It's the one who says who's there!
Well no exactly. And we're not the only ones who think so. The European Commission published its draft Green Claims Directive on March 22, 2023 to “prevent companies from making misleading claims about the environmental merits of their products”. And the movement is also present in the USA (Green Guides of the Federal Trade Commission) and in the United Kingdom (Green Claims Code). Because companies that make "green claims" must justify them against a standard methodology for assessing their impact on the environment. The European Parliament also gave its agreement on May 5, 2023 to this draft Directive. On the other side of the Atlantic, the Federal Trade Commission is also making progress on the subject and has published Green Guides to regulate companies' environmental claims.
There are 200 active environmental labels in the EU and over 450 active worldwide, plus 80 widely used reporting methods for carbon emissions alone. Some of these methods and initiatives are reliable, others are not. Some are financed by the brands themselves united in coalitions, which raises the question of their impartiality. Especially when we know the positive impact of “green” clothing on purchasing behavior.
With Geenwashing: companies give a false impression of their environmental impact or benefits. Greenwashing misleads market players and does not benefit companies that make the effort to green their products and activities. This even leads to a less green economy.
Finally a regulated and shared indicator
In Europe: Green Claims Initiative
The European Union and regulators have a role in defending consumers. But how do you navigate the forest of labels and certifications? Fortunately, things are moving at the regulatory level and that is the challenge of proposing a unique and regulated method: the PEF.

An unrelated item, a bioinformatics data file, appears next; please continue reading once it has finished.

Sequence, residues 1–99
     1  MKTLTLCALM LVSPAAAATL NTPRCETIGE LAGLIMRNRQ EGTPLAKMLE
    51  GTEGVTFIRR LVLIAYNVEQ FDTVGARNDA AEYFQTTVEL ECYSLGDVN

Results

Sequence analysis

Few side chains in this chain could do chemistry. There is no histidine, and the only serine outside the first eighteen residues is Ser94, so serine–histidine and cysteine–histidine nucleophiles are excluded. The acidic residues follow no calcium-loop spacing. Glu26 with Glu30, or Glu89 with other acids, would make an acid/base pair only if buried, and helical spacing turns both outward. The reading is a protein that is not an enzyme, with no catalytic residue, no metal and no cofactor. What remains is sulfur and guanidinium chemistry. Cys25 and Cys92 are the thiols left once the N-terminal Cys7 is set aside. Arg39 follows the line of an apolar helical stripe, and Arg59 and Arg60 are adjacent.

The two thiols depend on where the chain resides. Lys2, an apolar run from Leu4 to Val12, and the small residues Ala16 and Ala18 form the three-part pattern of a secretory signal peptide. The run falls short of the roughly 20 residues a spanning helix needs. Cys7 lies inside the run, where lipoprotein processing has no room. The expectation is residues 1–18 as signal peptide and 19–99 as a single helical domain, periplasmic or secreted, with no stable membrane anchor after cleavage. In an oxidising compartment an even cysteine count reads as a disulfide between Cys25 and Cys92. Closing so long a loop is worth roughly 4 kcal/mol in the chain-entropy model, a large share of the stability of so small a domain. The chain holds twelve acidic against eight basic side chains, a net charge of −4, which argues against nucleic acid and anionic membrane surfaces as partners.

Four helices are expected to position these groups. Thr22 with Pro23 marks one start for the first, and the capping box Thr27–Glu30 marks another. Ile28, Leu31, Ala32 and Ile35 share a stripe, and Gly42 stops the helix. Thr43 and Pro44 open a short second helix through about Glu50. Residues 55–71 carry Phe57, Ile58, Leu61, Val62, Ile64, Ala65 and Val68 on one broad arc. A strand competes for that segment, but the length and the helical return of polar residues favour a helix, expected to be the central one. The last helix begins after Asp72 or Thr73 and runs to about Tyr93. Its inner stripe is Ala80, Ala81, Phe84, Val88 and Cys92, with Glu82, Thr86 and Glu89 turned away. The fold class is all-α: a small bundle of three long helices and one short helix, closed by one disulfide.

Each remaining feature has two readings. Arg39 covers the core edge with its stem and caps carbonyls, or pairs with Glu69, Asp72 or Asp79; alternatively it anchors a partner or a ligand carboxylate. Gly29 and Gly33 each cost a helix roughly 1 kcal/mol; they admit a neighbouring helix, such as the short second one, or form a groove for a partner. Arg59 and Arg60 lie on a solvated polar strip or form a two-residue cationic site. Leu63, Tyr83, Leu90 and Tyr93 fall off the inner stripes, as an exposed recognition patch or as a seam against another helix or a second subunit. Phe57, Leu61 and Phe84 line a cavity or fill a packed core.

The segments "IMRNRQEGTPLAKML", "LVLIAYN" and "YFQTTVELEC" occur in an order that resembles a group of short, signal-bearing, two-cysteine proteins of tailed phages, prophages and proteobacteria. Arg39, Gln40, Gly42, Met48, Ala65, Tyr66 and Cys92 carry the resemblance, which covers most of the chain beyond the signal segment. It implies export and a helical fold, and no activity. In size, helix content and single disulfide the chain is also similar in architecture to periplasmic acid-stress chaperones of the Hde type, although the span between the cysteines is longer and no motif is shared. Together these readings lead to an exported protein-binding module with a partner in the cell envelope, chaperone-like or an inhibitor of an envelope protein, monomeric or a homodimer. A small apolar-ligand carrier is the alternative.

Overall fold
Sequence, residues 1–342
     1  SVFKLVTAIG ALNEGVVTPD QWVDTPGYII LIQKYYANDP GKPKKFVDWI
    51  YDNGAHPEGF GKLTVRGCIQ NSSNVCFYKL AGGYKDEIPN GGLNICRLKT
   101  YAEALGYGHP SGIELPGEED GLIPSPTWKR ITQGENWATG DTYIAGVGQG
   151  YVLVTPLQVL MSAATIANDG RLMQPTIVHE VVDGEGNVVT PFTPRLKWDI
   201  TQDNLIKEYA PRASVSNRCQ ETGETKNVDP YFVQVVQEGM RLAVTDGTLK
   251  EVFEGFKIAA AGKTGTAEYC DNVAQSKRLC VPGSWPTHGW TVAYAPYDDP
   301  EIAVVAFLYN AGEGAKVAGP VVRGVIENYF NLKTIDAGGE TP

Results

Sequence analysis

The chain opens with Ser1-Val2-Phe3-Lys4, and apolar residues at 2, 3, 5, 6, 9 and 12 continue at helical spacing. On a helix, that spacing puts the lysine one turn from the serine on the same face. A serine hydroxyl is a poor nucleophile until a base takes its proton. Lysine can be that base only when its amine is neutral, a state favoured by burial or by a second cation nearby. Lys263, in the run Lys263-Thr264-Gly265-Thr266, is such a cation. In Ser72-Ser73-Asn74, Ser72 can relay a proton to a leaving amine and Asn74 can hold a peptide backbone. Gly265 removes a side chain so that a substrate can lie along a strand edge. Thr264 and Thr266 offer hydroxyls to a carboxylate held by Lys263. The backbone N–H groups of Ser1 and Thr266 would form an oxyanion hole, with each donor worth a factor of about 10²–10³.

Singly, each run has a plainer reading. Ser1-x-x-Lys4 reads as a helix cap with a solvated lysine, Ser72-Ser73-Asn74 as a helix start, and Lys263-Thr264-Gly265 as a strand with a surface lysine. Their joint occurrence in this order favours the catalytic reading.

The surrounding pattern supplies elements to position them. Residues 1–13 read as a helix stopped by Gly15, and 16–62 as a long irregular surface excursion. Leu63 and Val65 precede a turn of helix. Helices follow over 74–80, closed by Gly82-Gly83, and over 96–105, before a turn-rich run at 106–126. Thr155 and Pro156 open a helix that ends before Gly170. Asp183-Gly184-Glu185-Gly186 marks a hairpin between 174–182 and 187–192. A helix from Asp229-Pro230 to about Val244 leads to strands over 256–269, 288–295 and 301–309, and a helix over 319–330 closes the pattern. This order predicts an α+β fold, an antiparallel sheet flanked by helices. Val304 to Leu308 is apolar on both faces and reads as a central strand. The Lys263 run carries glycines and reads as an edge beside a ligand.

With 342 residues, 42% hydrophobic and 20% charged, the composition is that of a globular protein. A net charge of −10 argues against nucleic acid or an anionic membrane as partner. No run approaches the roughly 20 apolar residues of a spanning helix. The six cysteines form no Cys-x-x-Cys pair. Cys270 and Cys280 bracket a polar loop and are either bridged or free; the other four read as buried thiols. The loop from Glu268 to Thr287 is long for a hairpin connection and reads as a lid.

Reports on corporate environmental performance must be reliable, comparable and verifiable. This will help us collectively make more sustainable decisions.
There are private certifications such as the Higg Index for example. It was created in 2011 by a group of major industry brands, including H&M, Walmart, Nike, Levi's and Patagonia. It is maintained by the Sustainable Apparel Coalition (SAC) which has around 250 member brands . It has been widely used by the fashion industry to assess the sustainability of materials used in their products. It was a great initiative from the fashion sector but it was criticized for its lack of impartiality.
So much so that in June 2022, the Norwegian Consumer Authority (NCA) banned the use of the Higg Material Sustainability Index (MSI) judging that the marketing claims are considered inaccurate ( Article in French / Article in English ). And the Dutch regulator has forced brands to modify or no longer use “sustainability” claims on their clothing and websites ( publication from the Netherlands Authority for Consumers and Markets (ACM)).
In France, the Climate & Resilience law
The Climate and Resilience law in 2021 on environmental display concretizes the approach initiated in 2009 as part of the Grenelle de l'environnement in order to raise consumers' awareness of the environmental impacts of products and services, and then taken up in the energy transition law for green growth of August 18, 2015
The display is "intended to provide the consumer with information relating to the environmental impacts and compliance with social criteria of a good or service placed on the national market is made compulsory. (...) This display is carried out by marking or labeling or by any other suitable process. It is visible or accessible to the consumer, in particular at the time of the act of purchase."
Led by ADEME, environmental display is currently being tested in order to define a common framework for market players allowing comparison.
From now on, according to article R. 541-223 of the Environmental Code: It is prohibited to appear on a product or packaging the words “biodegradable”, “environmentally friendly” or any other equivalent environmental claim.